Adding natural gas to a CES would add an additional layer of complexity. While natural gas plants do provide significant carbon dioxide savings over coal, and we believe they have an important role to play in a low-carbon energy economy, they produce more emissions than do renewable sources such as wind and solar. Moreover, natural gas already provides 24 percent of the country’s electricity—second only to coal—a share that is expected to increase rapidly without the help of a mandate. The U.S. already has dozens of relatively efficient, under-utilized natural gas-fired power plants and an abundant supply of domestic natural gas. If the point of a CES is, as Obama says, so “businesses will know there’s a market for what they’re selling,” it’s difficult to make the case that natural gas needs the support of a CES—other policies could encourage coal-to-natural gas switching without intruding on a market share that would otherwise be set aside for renewable energy.
The real question is this: will we gain more than we lose with a national CES? Even in its absence, states with a renewable portfolio standard or goal in 2009 represented 57 percent of U.S. electricity generation. An additional 13 percent was generated in states with an “alternative” or clean energy standard. Of the remaining 14 states, Florida, the largest generator, is currently developing a renewable portfolio standard. Some of these states’ policies are more ambitious than others, but all give cause for optimism in the states’ abilities to demonstrate leadership on clean energy.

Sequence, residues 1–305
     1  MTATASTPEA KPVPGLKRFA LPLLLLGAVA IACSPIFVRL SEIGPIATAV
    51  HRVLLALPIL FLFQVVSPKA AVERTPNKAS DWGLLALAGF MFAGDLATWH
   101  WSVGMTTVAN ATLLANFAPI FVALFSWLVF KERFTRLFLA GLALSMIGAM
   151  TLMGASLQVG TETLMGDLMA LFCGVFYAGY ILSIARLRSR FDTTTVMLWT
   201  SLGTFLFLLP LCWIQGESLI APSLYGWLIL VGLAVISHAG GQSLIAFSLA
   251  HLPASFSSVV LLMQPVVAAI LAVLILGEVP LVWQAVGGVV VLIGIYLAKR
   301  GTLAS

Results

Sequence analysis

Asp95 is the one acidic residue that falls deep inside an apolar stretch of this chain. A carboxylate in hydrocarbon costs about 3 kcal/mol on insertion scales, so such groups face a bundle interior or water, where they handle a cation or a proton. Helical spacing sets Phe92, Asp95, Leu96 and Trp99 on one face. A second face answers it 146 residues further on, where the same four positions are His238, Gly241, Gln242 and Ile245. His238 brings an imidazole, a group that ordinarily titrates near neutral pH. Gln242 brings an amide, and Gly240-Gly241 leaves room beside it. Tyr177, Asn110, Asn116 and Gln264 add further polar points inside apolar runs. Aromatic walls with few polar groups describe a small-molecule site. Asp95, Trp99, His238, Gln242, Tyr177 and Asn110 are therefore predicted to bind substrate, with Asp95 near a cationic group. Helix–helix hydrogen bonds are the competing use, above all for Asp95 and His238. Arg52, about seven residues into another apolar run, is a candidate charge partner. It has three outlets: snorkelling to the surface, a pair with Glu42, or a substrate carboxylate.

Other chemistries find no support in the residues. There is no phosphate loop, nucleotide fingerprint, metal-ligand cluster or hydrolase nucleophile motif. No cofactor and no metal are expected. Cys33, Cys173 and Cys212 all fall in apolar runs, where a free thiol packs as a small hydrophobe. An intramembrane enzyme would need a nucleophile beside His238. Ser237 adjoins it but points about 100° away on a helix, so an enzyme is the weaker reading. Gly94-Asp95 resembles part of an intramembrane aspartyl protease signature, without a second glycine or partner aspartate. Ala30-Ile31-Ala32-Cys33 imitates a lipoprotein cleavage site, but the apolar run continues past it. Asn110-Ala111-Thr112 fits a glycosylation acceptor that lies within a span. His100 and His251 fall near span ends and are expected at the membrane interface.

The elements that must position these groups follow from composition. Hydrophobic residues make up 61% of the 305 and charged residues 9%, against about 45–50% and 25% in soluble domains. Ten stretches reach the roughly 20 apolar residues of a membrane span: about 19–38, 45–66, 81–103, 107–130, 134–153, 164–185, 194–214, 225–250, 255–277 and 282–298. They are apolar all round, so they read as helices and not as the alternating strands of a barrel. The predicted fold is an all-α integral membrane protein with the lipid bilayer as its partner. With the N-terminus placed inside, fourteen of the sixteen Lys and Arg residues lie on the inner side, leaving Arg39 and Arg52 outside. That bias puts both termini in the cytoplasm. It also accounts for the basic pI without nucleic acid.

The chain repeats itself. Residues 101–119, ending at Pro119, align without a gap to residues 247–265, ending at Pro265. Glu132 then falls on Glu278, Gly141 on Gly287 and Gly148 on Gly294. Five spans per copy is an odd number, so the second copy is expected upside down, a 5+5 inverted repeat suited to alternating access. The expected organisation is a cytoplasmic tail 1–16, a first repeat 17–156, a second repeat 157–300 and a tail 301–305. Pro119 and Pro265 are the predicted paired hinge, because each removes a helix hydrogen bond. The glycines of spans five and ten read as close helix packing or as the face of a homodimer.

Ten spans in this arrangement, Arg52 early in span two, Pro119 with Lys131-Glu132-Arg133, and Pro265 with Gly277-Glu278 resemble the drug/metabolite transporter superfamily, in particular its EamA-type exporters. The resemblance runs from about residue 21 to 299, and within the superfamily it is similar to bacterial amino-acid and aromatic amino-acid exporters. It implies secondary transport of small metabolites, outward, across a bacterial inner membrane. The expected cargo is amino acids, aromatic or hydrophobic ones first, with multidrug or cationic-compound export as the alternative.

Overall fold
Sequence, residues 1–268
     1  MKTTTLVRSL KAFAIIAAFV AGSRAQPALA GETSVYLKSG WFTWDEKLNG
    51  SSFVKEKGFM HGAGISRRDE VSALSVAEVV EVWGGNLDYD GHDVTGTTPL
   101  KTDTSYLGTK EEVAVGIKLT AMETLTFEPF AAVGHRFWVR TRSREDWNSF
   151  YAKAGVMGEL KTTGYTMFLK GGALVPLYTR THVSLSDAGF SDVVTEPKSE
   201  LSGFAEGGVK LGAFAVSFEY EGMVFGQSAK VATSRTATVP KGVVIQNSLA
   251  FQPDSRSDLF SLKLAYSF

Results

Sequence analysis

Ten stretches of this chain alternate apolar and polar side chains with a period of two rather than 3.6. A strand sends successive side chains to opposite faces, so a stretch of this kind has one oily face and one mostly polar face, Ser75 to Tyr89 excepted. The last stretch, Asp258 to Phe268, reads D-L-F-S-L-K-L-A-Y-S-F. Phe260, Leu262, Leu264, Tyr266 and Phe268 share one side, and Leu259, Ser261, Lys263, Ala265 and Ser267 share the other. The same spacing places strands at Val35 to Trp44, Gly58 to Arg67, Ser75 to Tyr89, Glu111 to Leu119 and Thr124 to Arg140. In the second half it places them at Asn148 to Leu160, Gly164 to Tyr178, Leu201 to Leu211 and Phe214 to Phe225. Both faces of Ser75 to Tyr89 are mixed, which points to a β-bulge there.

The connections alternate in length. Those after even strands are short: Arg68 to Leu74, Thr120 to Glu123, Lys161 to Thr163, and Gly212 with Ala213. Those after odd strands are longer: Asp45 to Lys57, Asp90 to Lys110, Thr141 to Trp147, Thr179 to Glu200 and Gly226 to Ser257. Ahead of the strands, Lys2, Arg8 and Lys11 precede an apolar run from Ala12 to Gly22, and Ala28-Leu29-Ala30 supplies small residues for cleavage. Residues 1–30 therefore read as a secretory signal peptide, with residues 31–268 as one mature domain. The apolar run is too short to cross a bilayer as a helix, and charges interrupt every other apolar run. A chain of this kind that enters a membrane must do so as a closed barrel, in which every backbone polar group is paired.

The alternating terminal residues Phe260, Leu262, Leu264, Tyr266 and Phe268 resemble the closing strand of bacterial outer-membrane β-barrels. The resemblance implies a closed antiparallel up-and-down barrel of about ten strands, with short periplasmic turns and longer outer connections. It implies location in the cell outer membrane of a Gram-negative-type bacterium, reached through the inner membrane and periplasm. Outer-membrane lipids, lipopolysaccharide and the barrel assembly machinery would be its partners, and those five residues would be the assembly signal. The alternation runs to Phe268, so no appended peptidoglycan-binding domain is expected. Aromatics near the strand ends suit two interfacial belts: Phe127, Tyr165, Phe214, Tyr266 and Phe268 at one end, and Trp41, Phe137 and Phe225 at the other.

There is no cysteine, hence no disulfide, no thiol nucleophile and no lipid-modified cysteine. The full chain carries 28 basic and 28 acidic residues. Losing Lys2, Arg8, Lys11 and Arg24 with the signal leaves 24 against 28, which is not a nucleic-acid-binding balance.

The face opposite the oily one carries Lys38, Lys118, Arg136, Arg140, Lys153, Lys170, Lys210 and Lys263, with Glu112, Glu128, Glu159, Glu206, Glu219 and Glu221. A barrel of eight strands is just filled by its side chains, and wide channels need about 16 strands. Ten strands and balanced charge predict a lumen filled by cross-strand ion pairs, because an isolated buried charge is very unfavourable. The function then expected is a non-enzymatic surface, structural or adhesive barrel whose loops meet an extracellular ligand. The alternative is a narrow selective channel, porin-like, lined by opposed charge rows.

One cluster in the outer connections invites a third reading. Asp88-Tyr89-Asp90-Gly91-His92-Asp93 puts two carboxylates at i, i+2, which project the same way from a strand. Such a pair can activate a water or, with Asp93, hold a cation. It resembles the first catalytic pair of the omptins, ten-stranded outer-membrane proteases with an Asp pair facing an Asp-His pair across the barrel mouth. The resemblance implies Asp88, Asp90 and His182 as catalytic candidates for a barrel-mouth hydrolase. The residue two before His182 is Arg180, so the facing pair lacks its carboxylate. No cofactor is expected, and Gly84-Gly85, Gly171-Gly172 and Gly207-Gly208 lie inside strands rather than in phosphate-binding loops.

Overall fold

A national standard, whether an RES or CES, that incentivizes each state to invest seriously in reducing greenhouse gas emissions from its power sector and includes an ambitious target for truly renewable technologies would be a major step forward for the United States’ clean energy industries—industries that are quickly being left behind by their counterparts in Europe and Asia, where governments have sent clear, sustained signals supporting new energy technologies. Whether this Congress will prove capable of passing such a standard, however, remains very much in question.